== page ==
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Children with diabetes getting 'serious complications'

One in five children with diabetes develop serious complications before they are diagnosed, leading healthcare professionals to call for better awareness. 

The children develop Diabetic Ketoacidosis (DKA) - a lack of insulin in the body - which can cause mental confusion, rapid heartbeat and breathing, sickness and unconsciousness. The complication can even be life threatening if left undiagnosed. 

Rates of DKA in those already diagnosed are highest in females aged between 10-19, according to the National Paediatric Diabetes Audit (NPDA), published today by the Royal College of Paediatrics and Child Health (RCPCH). 

The audit also found that:

 - Approximately half of all hospital admissions in children with diabetes are related to acute complications including DKA and hypoglycaemia (low blood sugar).

 - The number of admissions for DKA remain high but have improved since 2010-11.

 - Females tend to have higher rates of DKA admissions than males: (11.6% and 8.9% of females with diabetes in England and Wales respectively compared to 7.7% and 5.0% for males).

 - Nearly one in 10 admissions to hospital of children and young people with diabetes is as a result of a hypoglycaemic episode. 

Dr Justin Warner, RCPCH's clinical lead for the NPDA and a consultant in Paediatric Endocrinology and Diabetes, said: "Managing diabetes in childhood is a complex problem requiring close collaboration and partnership between the child, family and healthcare teams. An admission to hospital for an acute complication, such as DKA, in a child with established diabetes, can be deemed as a failure of that partnership.

"Understanding the mechanisms which may lead up to an acute admission in a child with diabetes is often difficult, particularly in teenagers who are being encouraged to take on responsibility for their own care.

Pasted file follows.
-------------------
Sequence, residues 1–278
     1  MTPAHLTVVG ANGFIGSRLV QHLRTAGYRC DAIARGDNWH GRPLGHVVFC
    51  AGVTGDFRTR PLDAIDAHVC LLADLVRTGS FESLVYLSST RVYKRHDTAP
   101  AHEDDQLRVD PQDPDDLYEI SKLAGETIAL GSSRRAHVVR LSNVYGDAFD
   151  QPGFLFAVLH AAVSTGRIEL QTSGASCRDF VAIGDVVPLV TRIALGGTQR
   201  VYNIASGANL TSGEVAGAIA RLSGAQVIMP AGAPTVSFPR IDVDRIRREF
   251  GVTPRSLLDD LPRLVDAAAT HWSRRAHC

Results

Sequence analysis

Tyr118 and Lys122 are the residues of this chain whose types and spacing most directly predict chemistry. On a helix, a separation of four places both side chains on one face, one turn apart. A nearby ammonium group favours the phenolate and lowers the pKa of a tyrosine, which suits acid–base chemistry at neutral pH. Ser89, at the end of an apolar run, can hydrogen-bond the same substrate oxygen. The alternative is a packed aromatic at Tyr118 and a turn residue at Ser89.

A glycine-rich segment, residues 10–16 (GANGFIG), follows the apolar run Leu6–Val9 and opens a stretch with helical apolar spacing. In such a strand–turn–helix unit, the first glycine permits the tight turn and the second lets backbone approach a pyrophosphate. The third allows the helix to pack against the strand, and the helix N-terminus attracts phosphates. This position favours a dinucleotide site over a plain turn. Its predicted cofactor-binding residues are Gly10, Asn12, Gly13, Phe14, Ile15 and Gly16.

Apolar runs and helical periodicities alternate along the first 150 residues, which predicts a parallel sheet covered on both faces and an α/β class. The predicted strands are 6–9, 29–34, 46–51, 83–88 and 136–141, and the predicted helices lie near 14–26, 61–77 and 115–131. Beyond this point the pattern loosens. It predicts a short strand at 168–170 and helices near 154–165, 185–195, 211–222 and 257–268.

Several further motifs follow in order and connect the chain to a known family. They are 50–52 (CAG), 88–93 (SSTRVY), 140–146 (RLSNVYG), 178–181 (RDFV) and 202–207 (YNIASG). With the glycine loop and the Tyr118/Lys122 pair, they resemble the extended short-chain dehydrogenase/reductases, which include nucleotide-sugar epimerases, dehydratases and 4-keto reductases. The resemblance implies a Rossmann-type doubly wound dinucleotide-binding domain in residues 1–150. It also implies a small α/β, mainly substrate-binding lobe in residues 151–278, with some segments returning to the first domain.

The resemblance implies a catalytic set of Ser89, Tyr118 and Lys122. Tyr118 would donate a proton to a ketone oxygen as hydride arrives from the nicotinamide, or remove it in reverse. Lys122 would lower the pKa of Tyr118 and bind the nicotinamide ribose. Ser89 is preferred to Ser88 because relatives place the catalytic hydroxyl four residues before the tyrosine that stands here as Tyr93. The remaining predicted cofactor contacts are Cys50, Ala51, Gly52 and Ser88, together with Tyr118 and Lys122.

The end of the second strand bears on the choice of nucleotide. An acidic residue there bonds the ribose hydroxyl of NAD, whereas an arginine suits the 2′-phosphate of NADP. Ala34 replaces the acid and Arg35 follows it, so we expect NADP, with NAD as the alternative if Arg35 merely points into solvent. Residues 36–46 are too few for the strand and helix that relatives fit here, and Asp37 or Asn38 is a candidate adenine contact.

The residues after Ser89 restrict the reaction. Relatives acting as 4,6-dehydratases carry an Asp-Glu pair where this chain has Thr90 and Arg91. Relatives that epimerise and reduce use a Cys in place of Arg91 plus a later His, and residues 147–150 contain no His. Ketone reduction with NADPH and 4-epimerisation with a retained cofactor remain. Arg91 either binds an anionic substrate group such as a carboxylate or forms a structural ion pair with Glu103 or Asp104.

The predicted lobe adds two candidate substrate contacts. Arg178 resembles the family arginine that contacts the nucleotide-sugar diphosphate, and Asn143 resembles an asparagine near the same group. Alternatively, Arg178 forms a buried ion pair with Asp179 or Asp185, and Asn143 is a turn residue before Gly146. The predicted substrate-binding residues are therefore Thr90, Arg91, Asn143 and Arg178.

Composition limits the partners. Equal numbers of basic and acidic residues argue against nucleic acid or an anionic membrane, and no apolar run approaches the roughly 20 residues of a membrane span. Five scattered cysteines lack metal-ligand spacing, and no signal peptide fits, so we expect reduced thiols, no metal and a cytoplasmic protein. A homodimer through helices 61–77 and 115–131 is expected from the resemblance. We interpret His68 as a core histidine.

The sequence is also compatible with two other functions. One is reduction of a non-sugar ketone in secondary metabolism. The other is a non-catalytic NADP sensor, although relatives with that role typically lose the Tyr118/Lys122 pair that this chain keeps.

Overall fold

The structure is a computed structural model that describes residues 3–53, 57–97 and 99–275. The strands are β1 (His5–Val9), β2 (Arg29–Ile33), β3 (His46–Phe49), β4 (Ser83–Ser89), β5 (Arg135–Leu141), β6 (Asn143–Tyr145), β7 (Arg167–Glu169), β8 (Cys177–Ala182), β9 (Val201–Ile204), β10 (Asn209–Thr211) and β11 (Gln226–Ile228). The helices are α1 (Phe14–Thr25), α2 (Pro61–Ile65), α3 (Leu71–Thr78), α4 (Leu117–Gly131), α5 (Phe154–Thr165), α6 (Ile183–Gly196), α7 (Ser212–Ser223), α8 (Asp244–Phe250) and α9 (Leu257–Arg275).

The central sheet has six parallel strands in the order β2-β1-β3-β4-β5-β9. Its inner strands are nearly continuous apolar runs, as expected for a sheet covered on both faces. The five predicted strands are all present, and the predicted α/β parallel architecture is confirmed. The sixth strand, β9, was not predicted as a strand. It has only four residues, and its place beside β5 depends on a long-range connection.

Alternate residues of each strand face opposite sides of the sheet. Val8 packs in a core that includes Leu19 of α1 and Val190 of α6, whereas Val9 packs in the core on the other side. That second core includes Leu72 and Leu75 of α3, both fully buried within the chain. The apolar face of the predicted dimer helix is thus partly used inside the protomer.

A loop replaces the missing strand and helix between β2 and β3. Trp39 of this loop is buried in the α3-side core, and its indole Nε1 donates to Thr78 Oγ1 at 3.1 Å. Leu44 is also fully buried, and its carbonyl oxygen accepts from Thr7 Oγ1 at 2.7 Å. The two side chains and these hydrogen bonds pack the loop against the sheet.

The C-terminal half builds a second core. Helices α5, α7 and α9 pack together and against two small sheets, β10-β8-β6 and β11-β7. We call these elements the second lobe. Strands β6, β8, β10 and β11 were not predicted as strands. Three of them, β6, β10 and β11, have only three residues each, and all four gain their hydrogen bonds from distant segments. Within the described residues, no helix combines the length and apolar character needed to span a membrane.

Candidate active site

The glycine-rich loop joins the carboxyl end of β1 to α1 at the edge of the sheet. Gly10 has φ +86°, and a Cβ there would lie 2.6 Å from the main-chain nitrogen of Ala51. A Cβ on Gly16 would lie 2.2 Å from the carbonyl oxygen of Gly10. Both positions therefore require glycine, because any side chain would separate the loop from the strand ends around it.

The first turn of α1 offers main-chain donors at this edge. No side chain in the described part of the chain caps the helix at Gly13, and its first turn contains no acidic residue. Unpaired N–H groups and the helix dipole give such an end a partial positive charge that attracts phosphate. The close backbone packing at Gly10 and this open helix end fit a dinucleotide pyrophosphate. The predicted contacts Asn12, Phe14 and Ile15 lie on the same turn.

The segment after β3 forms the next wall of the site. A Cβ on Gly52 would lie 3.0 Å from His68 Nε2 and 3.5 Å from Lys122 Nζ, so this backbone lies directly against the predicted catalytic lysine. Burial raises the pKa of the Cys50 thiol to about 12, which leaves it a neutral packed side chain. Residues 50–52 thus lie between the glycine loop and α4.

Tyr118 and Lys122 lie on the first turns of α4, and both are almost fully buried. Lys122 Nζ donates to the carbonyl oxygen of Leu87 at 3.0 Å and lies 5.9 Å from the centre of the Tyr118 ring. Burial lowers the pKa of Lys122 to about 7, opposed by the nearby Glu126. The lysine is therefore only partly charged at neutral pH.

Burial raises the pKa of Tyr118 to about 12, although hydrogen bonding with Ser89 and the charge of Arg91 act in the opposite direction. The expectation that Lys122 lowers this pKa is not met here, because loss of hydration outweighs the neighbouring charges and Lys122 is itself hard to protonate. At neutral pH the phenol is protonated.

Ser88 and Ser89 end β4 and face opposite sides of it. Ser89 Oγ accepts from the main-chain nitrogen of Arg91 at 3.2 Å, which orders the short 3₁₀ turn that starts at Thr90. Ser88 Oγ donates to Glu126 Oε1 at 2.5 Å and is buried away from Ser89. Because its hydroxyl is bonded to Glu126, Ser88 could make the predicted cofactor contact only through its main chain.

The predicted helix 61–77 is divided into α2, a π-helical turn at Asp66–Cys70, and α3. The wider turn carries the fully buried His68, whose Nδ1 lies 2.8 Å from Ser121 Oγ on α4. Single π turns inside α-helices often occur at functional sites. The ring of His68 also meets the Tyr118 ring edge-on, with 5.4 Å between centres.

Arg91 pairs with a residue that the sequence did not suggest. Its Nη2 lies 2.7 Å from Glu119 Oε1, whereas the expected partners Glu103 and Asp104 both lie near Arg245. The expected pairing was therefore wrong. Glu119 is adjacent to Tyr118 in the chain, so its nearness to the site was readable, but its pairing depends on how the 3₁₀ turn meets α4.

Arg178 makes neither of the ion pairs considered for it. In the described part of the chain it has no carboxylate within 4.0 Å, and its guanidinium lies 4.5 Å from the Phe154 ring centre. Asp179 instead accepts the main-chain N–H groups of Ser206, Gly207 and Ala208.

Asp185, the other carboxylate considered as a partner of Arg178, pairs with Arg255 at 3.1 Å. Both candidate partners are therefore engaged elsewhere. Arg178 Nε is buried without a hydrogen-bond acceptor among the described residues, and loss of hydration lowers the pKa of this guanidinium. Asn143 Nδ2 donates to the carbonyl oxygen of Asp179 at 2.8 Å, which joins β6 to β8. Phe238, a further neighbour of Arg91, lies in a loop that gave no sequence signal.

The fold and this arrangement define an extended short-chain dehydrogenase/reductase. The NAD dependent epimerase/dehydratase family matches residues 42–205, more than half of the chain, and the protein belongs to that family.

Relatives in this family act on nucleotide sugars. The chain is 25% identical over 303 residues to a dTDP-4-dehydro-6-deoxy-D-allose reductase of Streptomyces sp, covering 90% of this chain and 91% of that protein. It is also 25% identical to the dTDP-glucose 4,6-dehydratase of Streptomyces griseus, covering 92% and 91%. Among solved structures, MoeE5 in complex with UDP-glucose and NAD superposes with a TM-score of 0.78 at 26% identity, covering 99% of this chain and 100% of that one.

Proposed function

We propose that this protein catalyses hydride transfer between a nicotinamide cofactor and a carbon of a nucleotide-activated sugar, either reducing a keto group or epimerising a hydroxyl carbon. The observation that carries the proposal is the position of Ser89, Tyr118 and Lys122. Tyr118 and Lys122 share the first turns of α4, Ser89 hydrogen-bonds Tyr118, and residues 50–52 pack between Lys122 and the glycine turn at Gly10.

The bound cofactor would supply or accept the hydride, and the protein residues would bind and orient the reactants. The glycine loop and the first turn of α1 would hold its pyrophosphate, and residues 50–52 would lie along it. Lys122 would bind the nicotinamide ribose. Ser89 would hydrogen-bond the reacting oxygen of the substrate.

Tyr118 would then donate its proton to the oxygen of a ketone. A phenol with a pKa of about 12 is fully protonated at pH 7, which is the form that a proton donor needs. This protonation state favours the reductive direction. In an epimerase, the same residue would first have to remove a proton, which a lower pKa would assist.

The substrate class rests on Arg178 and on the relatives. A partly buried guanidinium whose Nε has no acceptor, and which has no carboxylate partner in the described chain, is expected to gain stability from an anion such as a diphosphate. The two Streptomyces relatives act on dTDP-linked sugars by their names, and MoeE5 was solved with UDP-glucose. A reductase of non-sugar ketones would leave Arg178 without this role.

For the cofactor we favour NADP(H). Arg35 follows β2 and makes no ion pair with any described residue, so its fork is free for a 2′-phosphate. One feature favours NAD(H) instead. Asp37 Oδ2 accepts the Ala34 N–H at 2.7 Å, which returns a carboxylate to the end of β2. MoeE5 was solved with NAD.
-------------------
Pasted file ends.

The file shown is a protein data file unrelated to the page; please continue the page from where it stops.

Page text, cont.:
"The public and healthcare professionals who come into contact with children need to be more aware of the symptoms of diabetes, allowing earlier diagnosis and speedy treatment so as to avoid complications of DKA at diagnosis."

The NPDA, which was commissioned by the Healthcare Quality Improvement Partnership (HQIP) as part of the National Clinical Patient Outcomes Programme (NCAPOP), identified 6,210 hospital admissions out of 25,199 children and young people under the age of 25 with diabetes for 2011-12 who are cared for in 177 paediatric centres across England and Wales.

Bridget Turner, director of Policy and Care Improvement at charity Diabetes UK, said it is important that healthcare professionals are calling for better diabetes awareness. 

She said: "By making parents aware of the symptoms of type 1 diabetes, we can help make sure children have the best possible chance of being diagnosed quickly and avoiding complications.

"Because children with type 1 diabetes might have just one or two of the symptoms, it is important that parents know them all and also understand that if their child has any of them then they should take them straight to the GP."